Forecasts for retail, office, industrial properties show modest to strong upward trends

A 787 Dreamliner sits at the Boeing delivery center that officially opened in mid-November in North Charleston.

Leroy Burnell

Selling or buying a shopping plaza, business center or factory is not the same as switching title on a house or lot. Predictably, the markets differ, too.

While home sales and purchases have begun to pick up after a five-year slump, the commercial end has gone through a more cyclical phase.

In the Charleston area, retail and office locales are showing increases in the volume of occupied space.

Industrial properties, meanwhile, may be a year away from a surge.

“The Charleston market has been aided by the arrival of several big name industries and some of their related suppliers,” says Grubb & Ellis/WRS Real Estate Advisors in its third quarter 2011 outlook.

Boeing delivered its first 787 Dreamliner to Japan Airlines and Dupont opened a $500 million plant in Berkeley County, adding 140 jobs, according to the report.

Grubb & Ellis/WRS believes that industrial vacancy rates, the percentage of space that’s empty, won’t drop below 10 percent until this fall. Property sales prices will remain below the cost to replace equipment and goods at least through the winter.

The commercial property advisor is more bullish on the industrial field long-term. “This market is a bright spot in the national picture, as the fundamentals of the Charleston market compel global industry to consider locating here,” according to the report. “The economics of the area, with non-union labor, port infrastructure, cheap utilities and pro-growth public policies help to sell the case.”

By contrast, the greater Charleston retail market is already going through a strong phase.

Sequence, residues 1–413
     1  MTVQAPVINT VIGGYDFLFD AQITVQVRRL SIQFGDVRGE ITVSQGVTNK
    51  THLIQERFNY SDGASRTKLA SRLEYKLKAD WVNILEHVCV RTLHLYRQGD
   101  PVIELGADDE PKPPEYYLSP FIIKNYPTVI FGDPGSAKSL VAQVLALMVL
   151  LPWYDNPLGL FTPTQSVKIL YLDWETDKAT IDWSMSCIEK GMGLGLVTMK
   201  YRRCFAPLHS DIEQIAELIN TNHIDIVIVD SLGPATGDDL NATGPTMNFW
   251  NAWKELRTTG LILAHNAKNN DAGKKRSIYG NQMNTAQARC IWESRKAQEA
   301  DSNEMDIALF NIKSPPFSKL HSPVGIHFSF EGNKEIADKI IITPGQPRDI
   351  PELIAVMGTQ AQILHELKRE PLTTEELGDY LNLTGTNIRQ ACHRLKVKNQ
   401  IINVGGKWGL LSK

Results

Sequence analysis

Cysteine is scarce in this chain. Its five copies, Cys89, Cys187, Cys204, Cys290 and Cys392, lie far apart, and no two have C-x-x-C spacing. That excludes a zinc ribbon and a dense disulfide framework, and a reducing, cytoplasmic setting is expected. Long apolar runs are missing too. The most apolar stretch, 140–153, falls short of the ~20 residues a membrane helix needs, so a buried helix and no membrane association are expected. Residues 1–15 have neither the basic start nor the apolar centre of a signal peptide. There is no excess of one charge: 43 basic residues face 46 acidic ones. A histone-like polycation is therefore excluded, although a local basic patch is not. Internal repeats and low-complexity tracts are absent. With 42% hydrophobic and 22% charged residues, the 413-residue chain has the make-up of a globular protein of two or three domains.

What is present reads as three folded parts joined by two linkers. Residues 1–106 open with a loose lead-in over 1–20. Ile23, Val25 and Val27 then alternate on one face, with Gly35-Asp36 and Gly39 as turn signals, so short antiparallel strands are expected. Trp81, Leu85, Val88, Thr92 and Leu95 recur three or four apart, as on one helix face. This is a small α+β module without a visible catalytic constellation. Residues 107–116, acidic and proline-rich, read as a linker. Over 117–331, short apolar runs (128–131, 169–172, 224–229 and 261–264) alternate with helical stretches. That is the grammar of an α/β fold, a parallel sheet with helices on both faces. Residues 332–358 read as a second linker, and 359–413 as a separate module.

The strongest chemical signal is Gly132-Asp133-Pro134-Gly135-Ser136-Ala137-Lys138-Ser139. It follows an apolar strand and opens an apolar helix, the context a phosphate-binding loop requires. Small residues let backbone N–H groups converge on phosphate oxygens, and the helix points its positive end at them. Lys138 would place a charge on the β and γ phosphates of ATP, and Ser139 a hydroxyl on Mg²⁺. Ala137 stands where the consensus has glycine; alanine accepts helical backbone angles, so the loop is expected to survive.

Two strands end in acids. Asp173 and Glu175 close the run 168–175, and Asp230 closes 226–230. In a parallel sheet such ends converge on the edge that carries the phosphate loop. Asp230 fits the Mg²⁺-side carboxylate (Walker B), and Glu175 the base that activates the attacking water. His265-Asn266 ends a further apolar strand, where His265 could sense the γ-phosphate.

Shopping centers are filling up, which should continue for the next months. “Development activity should increase as the retail market vacancy continues to decrease and rental rates begin their ascent,” the report points out. With an expanding list of quality tenants, the speed with which leases are completed should increase.

There is very little new space now being introduced into the market, the report says. That’s a sign that developers will start building new centers soon.

Singled out in the report is the peninsula business district north of Calhoun Street.

“There has been a significant increase in activity along upper King Street and the surrounding neighborhoods as new multifamily and hospitality projects are gaining traction; some are set to break ground as early as the first part of 2012,” according to Grubb & Ellis/WRS.

“This is quickly becoming the entertainment district of Charleston as several restaurants and bars have opened or are under construction.”

Compared with the storefront business, the office market is in a rut: the limited good news was a slight drop in the vacancy rate.

“Overall leasing activity is subdued,” Grubb & Ellis/WRS says. Landlords are avoiding the costs it takes to find new tenants, while businesses are trying to stay away from moving costs.

On top of that, few new office buildings or parks have opened.

One section of the Charleston area has bucked the trend, the city’s Central Business District. The area is “still the bright spot, with a vacancy below 10 percent.” But there’s not enough top-of the-line office space “even with the pending completion of the 63,000-square-foot building at 25 Calhoun Street.” Already 25 percent leased, it is the first sizable addition to the downtown office inventory in several years, the report says.

Grubb & Ellis/WRS foresees a level year. Growth will continue but will be lukewarm. Incentives will taper off, and rental asking rates will begin to rise. Property sales, meanwhile, will remain soft.

“If there is one phrase that summarizes the current market, it is 'uncertainty still reigns,'” according to the report.